NIH3T3 cells (also known as just 3T3 cells) are the standard fibroblast cell line utilized in biological research today. The 3T3 cell line was originally established from Swiss albino mouse embryo tissue in 1962 by two scientists at New York University School of Medicine. ‘3T3’ is an abbreviation from the original label of “3-day transfer, inoculum 3 x10^5 cells”, which refers to the protocol used to culture the cell line from primary mouse embryonic fibroblast cells. Utilizing the 3T3 protocol, the researchers at NYU were able induce spontaneous immortalization in the cells after 20-30 generations in culture. Commercially available transfection NIH3T3 reagent and associated transfection protocol were developed by Altogen Biosystems for transfection of DNA, RNA, and mRNA.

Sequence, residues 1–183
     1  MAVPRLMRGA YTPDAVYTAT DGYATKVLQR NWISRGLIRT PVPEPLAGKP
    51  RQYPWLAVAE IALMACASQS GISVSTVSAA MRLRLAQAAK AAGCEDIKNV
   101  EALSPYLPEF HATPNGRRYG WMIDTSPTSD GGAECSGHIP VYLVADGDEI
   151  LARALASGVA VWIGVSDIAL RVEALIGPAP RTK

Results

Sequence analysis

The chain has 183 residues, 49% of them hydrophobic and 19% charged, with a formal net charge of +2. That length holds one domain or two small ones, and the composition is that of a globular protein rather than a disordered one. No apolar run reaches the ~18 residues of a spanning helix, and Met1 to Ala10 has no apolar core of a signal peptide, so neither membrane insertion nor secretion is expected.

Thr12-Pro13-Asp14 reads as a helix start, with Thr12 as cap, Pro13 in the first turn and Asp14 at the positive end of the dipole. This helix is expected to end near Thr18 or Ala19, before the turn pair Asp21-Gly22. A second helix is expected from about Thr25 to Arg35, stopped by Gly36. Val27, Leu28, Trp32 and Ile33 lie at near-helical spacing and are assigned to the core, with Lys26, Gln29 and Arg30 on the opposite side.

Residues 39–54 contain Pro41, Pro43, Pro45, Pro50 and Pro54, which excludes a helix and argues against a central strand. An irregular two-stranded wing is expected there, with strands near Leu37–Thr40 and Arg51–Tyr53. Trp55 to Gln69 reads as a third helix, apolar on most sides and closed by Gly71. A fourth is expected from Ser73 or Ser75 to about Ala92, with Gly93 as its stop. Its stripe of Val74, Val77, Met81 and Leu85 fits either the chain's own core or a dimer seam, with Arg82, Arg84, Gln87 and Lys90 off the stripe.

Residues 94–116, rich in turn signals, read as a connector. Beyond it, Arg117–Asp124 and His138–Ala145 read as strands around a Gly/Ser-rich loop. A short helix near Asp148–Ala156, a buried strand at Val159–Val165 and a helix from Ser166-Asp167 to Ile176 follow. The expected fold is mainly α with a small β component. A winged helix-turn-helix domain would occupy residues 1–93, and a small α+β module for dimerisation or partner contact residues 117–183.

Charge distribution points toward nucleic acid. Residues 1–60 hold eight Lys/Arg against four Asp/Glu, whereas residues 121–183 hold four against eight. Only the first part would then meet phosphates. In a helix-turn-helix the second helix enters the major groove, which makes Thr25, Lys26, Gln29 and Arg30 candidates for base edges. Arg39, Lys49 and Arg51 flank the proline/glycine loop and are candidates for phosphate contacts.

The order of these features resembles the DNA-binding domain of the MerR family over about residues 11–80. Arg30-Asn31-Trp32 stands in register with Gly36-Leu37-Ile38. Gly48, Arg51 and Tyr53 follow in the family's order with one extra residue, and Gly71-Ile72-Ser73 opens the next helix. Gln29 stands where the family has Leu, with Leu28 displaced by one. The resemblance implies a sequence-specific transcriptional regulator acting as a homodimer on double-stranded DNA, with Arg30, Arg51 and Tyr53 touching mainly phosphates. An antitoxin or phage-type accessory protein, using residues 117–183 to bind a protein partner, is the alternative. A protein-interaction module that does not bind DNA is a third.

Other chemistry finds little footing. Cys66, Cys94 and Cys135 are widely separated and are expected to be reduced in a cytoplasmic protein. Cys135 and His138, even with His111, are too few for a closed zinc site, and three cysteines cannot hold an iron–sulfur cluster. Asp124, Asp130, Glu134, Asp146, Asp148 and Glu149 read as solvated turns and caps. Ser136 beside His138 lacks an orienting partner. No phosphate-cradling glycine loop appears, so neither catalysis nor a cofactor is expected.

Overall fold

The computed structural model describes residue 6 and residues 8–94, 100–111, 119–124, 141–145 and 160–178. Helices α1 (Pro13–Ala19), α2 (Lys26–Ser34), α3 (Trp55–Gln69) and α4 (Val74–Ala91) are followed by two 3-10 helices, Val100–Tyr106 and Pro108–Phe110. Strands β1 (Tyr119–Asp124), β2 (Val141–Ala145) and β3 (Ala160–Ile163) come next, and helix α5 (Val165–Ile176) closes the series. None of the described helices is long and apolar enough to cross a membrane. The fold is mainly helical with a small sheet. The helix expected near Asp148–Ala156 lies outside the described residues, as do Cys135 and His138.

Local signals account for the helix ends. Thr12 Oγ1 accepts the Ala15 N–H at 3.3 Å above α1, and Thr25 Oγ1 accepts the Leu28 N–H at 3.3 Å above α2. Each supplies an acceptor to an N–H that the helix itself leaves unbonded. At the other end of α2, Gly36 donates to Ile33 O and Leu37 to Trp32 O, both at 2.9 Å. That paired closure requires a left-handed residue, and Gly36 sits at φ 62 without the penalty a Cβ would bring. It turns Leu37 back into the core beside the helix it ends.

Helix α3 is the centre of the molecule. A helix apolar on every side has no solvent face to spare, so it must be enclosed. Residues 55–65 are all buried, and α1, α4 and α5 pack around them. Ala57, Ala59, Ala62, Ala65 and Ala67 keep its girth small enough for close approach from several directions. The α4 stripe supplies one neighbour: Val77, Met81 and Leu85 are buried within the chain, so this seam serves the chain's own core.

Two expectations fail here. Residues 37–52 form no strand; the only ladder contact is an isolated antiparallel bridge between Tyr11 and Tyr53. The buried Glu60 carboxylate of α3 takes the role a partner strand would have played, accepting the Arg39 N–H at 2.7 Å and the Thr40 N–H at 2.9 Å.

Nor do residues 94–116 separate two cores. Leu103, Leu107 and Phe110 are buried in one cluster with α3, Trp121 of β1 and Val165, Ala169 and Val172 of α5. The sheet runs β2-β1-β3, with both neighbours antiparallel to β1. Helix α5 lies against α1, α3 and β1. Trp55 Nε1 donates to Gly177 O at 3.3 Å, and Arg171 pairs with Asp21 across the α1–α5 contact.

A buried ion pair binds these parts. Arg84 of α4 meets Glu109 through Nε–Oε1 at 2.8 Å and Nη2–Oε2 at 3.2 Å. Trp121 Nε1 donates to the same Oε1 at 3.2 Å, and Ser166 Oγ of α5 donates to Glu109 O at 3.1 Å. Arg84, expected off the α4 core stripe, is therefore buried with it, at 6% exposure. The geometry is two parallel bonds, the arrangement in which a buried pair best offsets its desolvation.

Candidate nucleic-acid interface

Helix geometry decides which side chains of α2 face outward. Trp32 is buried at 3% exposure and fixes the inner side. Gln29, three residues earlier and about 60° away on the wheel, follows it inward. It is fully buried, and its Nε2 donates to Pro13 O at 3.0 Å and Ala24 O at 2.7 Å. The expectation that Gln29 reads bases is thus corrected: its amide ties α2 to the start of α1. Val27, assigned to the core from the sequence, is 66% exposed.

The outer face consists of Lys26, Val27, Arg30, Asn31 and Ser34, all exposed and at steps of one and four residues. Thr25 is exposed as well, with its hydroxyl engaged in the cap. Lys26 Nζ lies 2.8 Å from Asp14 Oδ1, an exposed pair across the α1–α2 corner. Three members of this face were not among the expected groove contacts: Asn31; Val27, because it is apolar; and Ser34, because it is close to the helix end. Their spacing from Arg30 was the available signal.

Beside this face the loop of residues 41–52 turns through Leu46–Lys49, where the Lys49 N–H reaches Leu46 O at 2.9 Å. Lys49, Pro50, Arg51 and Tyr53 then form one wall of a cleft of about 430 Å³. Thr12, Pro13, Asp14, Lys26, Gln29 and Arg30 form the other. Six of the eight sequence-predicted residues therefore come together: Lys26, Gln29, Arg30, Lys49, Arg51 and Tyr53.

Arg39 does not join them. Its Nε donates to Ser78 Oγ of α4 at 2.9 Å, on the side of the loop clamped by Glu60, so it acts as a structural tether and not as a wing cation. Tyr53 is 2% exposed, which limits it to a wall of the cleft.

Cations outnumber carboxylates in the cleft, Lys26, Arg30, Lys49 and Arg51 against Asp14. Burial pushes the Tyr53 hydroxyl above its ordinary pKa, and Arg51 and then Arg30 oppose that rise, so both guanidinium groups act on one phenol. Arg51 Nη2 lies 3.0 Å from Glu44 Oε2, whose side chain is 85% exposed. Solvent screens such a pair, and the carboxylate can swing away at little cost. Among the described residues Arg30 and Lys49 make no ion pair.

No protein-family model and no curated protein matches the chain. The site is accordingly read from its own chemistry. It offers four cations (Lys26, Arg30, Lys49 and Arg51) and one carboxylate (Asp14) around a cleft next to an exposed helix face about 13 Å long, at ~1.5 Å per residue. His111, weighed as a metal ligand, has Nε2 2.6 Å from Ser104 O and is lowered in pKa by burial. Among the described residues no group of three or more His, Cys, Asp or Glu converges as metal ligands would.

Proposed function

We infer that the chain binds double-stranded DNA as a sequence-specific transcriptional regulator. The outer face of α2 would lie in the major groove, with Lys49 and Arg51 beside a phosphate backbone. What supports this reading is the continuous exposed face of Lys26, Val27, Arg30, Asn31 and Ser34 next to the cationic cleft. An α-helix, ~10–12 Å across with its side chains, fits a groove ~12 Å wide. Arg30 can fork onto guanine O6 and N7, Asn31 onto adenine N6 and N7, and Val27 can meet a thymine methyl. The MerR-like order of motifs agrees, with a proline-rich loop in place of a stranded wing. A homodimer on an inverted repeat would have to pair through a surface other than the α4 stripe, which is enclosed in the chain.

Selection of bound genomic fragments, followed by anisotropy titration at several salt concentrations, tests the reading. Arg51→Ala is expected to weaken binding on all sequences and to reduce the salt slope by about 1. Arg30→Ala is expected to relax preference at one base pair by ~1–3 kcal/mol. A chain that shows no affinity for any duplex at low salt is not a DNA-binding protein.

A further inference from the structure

Transfection in Research Using NIH 3T3:
3T3 is useful in the cultivation of keratinocytes. Keratinocytes benefit from exposure to 3T3 growth factors.
The cell is very well suited for transfection studies using DNA. Although, this original cell line was subject to multiple cycles of subcloning before it was receptive to transformations. Now 3T3 is capable of undergoing spontaneous transformations in culture.
Transformations using 3T3 are often done with DNA from tumorigenic cells in order to study and demonstrate the presence of transforming oncogenes.